7 posts and 1 images omitted. Click Reply to view.
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Sophie Bluttingham - Fri, 22 Apr 2016 05:58:35 EST ID:A4qzNKCl No.56654 Ignore Report Quick Reply
>>56652

Interesting! I await more of your back and forth.
>>
Fanny Shittingdock - Tue, 26 Apr 2016 23:54:50 EST ID:W38+YVX9 No.56669 Ignore Report Quick Reply
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>this many communist stallions ITT
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Phyllis Chinkinson - Sat, 04 Jun 2016 21:43:56 EST ID:1UXL+6lF No.56714 Ignore Report Quick Reply
>>56652
>WW1 might be happening all over again.
Lets hope cooler heads prevail.
>>
Wesley Dranderfoot - Sat, 04 Jun 2016 22:08:22 EST ID:slEOrfVs No.56715 Ignore Report Quick Reply
>>56714
>>56654
>>56652

Just saw an interesting piece on VICE on HBO about nuclear weapons.

Two things stuck out:
1) USA is innovating in nuclear weapons including delivery systems. This basically forces an arms race with other nuclear armed nations. It's kind of fucked up that the USA roundly does the very ICBM testing that we chastise nations like Iran and North Korea for doing.
2) They said the US has developed a very small scale nuclear weapon that is highly accurate. They say that having a mini nuke like this actually increases the chances it gets used.

Pretty brutal. Though this could be the start of Cold War 2. Especially if one of these is used in the field of battle. Imagine if the USA starts charging admission to watch rented above ground nuclear testing in 15 years.
>>
Phyllis Chinkinson - Sun, 05 Jun 2016 02:39:44 EST ID:1UXL+6lF No.56717 Ignore Report Quick Reply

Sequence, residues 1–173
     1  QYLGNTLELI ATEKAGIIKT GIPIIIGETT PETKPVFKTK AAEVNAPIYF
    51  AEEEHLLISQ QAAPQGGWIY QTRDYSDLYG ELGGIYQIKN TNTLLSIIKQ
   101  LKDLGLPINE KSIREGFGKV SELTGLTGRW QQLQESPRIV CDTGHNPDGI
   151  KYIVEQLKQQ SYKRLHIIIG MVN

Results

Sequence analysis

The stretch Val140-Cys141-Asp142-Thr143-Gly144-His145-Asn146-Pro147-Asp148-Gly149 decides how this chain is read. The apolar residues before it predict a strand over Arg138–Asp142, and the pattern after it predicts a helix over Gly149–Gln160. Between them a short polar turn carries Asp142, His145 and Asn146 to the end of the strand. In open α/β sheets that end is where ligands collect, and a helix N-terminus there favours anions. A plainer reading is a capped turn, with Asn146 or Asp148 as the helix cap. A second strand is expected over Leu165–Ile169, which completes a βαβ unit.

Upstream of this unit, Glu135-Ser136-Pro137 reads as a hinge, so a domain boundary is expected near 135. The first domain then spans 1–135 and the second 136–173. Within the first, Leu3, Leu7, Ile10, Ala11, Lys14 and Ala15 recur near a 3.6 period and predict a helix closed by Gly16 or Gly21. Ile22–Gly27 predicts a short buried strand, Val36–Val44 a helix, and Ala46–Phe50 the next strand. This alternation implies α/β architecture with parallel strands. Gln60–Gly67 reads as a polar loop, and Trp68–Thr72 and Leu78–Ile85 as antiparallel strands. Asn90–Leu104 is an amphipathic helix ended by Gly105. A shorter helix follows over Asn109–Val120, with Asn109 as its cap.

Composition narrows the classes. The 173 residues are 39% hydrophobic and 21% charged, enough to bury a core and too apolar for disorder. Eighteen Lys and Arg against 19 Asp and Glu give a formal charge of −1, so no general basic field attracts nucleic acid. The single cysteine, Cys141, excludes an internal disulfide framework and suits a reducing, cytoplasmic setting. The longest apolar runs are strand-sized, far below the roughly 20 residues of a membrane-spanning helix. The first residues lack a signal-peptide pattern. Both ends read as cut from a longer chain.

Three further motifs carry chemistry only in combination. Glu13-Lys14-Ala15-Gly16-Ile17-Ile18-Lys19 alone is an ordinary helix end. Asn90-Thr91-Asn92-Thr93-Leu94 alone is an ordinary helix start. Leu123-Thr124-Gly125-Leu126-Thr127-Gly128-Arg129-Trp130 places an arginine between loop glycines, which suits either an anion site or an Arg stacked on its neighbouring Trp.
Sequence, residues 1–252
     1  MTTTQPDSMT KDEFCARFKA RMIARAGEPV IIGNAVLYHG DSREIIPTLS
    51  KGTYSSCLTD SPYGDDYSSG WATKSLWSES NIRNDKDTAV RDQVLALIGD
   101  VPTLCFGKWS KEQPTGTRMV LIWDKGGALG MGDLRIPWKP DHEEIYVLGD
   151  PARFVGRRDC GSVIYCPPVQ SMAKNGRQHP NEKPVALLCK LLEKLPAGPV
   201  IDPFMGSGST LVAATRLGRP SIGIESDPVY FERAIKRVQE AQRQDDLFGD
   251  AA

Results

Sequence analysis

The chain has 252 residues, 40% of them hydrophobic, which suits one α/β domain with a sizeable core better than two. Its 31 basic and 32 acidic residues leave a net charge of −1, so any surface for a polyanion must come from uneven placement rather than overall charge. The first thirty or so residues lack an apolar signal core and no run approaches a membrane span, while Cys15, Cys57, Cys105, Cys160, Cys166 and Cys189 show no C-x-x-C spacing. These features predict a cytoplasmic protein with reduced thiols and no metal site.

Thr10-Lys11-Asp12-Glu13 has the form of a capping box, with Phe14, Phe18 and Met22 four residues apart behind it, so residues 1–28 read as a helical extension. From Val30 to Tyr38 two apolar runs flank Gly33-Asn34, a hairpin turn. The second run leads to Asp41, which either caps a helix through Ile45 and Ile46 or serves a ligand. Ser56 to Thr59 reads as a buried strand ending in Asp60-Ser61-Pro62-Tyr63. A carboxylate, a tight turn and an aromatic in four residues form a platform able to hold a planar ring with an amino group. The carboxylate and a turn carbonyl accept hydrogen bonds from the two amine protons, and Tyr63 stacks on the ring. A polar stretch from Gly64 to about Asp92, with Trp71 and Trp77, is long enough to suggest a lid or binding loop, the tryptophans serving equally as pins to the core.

>>56715
I wonder how the MAD policy is going to hold up when everyone has nukes.


Tell me everything about America + (Soviet) Russia + Middle East by Jack Hillyhall - Tue, 22 Mar 2016 19:00:45 EST ID:asXAvW71 No.56601 Ignore Report Reply Quick Reply
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I'm trying to discuss ISIS with my friends and family, but eventually we always seem to hit some sort of dark spot of ignorance. Questions like:
  • Why is ISIS about religion, unlike Al-Qaeda?
  • Why did America create Al-Qaeda and ISIS? Why is influence in the ME so important?
  • Why did Iraq invade Kuwait, and why was it important enough to cause the Gulf War?
  • Why was the US buddies with Saddam? Why did the relationship go south?
  • Why does the US fear Iran so much?
  • Why did the USSR invade Afghanistan?
  • What possible gain could there be in turning the ME communist?
  • Why does Israel exist?
  • What's Clinton's role?

This is just a fraction of all the questions I have. Please don't feel limited to just answering these questions. I'm really trying to understand the current situation and how we got here. I'm also looking for a good, mostly OBJECTIVE documentary on the subject (possibly impossible to find?)
Really, I'm just looking for an outline of the past 60 years of history, simple enough for anyone interested enough to ask the question to understand. I realize I could just google it, but most of the times the reasoning they provide is as dry and unhelpful as "it was a in response to this event".

I know this is asking for much, but face it, ya'll fuckers love history enough that you'll enjoy telling me everything you know. you enjoy telling ignoramuses like me what's up.
Tl;DR: read the title and do it.
21 posts and 3 images omitted. Click Reply to view.
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S\Gh0st\ - Sun, 25 Dec 2016 10:50:42 EST ID:cnjBxcGC No.57029 Ignore Report Quick Reply